Although the law is written so that it does not discriminate between fathers and mothers, many fathers still feel like they face an uphill battle when it comes to issues of child custody and child support. The Philadelphia fathers’ rights lawyers at The Sadek and Cooper Law Offices represent parents who are trying to get or keep custody of their children, parents who are paying child support and want child support reduced, those accused of failing to pay child support, and others seeking assistance with their family-related legal cases. The following guidelines may be helpful for fathers facing legal battles in Pennsylvania:
Child Custody and Support Rules for Fathers
These laws highlight some of the things fathers should know about their parental rights, fathers’ rights, and their legal options. Not all of these rules apply in every situation, and many “rights” can be taken away by a court of law. If you need help on any family law matters, always make sure to talk to an attorney.
Mothers and Fathers are Equal Under the Law
It is generally illegal for the law or the courts to discriminate on the basis of sex or gender, unless there is a good reason based on the biological differences. For instance, there is no expectation under the law that a mother should get custody instead of a father. This means that you should be set on equal footing against the mother of your children if a custody issue arises. The only times that discrimination is allowed is when it deals with biological differences. For instance, in paternity suits, it is much more difficult to prove the father’s biological relation than it is to prove the mother’s. Since the mother actually gave birth to the child, the court does not need additional proof that the mother is the biological parent, but may legally require DNA tests or other information to prove paternity.
There are Different Types of Custody
Many fathers fear that their children will be taken away from them, but may not fully understand the nuances of child custody laws in Pennsylvania. First, there are two general types of custody: legal and physical custody. Legal custody refers to the legal right to care for and access your children. Every parent automatically has legal custody of their own children if they are listed on the birth certificate or follow other procedures. Physical custody refers to situations where the children are actually with you, or living in your house. If the parents live together, they share physical custody – but if they live apart, one parent usually gets custody for more than half the year. That parent is called the “custodial parent,” but the other parent still has the legal right to access their children and make decisions in their lives if they have legal custody.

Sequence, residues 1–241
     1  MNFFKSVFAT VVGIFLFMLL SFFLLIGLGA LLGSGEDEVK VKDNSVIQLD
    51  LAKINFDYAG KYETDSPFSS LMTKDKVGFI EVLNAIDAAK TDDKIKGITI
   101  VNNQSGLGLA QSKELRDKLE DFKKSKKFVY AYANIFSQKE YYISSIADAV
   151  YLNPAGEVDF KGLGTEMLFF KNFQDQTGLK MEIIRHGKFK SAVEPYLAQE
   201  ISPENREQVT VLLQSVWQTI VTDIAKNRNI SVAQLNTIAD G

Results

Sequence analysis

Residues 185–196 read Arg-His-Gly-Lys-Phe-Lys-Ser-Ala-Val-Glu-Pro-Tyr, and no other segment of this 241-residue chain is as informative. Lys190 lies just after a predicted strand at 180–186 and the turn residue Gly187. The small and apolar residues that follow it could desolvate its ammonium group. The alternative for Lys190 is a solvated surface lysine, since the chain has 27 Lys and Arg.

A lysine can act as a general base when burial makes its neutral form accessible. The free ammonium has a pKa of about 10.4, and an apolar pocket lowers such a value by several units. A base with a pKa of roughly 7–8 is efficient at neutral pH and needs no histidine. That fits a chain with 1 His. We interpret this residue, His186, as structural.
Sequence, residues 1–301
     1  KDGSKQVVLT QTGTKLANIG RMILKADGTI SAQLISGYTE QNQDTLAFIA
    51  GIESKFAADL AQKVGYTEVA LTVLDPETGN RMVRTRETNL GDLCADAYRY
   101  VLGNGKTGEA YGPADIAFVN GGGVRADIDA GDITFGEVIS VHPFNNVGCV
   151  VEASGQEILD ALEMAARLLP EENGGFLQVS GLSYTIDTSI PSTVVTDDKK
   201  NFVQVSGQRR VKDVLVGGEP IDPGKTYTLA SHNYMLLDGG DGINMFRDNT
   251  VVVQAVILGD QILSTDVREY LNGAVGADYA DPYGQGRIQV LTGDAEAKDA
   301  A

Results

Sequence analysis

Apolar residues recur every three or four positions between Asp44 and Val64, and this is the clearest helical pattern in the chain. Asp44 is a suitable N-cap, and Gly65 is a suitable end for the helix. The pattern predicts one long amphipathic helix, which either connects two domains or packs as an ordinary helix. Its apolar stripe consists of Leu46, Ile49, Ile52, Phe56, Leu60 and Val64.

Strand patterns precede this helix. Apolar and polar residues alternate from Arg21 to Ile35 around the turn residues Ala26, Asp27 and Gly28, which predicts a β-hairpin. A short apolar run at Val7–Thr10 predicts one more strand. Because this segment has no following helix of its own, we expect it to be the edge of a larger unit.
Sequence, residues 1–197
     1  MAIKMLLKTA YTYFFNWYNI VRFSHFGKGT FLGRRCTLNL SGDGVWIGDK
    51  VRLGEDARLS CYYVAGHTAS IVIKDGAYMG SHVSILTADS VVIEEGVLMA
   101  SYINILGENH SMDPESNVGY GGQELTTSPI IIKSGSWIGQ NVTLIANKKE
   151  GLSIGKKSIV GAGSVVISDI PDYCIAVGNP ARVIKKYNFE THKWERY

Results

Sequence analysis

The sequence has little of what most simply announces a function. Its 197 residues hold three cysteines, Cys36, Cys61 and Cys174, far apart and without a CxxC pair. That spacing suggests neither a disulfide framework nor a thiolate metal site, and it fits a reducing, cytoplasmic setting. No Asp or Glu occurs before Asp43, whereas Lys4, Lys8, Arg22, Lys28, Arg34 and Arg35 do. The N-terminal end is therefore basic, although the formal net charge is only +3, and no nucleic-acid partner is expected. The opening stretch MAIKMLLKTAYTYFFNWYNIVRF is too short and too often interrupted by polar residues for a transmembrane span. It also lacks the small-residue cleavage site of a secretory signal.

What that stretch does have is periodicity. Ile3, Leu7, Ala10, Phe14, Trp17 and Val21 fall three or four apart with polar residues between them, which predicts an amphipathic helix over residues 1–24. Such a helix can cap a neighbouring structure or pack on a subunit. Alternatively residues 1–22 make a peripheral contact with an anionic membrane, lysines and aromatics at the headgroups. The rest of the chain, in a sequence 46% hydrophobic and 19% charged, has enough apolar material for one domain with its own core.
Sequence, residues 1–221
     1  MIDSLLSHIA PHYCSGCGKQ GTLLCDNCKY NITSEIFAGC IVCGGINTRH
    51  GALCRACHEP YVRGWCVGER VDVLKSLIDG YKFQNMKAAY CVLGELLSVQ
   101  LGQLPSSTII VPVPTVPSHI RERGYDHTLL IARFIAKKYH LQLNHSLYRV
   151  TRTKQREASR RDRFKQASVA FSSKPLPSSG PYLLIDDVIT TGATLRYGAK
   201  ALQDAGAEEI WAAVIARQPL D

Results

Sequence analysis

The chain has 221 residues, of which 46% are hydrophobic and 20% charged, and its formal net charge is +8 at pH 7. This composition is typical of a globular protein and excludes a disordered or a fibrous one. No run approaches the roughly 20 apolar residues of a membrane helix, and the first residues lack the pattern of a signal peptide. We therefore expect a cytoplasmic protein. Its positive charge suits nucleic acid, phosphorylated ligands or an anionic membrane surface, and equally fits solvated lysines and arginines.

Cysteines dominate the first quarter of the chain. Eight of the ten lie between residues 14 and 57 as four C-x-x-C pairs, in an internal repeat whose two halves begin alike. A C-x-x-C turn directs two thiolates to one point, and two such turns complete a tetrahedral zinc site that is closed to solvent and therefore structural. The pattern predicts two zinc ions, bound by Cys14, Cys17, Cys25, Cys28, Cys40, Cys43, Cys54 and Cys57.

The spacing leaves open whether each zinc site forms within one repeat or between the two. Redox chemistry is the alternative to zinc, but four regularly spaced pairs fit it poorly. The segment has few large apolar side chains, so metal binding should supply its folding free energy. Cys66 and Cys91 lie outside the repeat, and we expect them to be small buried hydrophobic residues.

You Cannot Lose Legal Custody without Going to Court
If you are involved in allegations of substance abuse, crime, or abuse, the mother of your children may attempt to have you stripped of custody rights. However, courts will not typically remove custody without giving you “due process” – notice of the hearing and an opportunity to be heard. If you have been outside your children’s lives for a long time and the court cannot find you, they may strip you of custody without notice. However, when you are involved in your children’s lives, courts must notify you of custody proceedings against you and give you a chance to appear in court with an attorney, and fight to keep your children.
Child Support Can be Modified
Many fathers pay child support in the amount that was ordered when their children were very young, and never seek to update or modify the child support order. Any time that either parent goes through a “material and substantial change in circumstances,” either side may be entitled to ask the court to modify or terminate the child support order. This can include changes, such as:
- New jobs,
- Losing a job,
- Changes in healthcare expenses,
- Changes in rent,
- Additional children (or stepchildren) to support,
- A child turning 18 and graduating from high school, or
- Discoveries regarding paternity.
However, you should always talk to an attorney and go to court before changing your child support payments. Resorting to self-help by refusing to pay in full could mean wage garnishment or other penalties.
Relocating Your Children May be Stopped
If the mother of your children wants to move out of state or far away with your children, you may be entitled to ask a court to stop her. PA law requires either consent or court approval before a substantial relocation. If you object to the relocation, a court can temporarily or permanently stop the relocation, if it is justified in doing so.
Philadelphia Fathers’ Rights Attorneys
The Philadelphia family lawyers at The Sadek and Cooper Law Offices can help you exert your parental rights, fight for custody of your children, and work to reduce child support payments where appropriate. For a free consultation on your case, contact our family law offices today at 215-814-0395.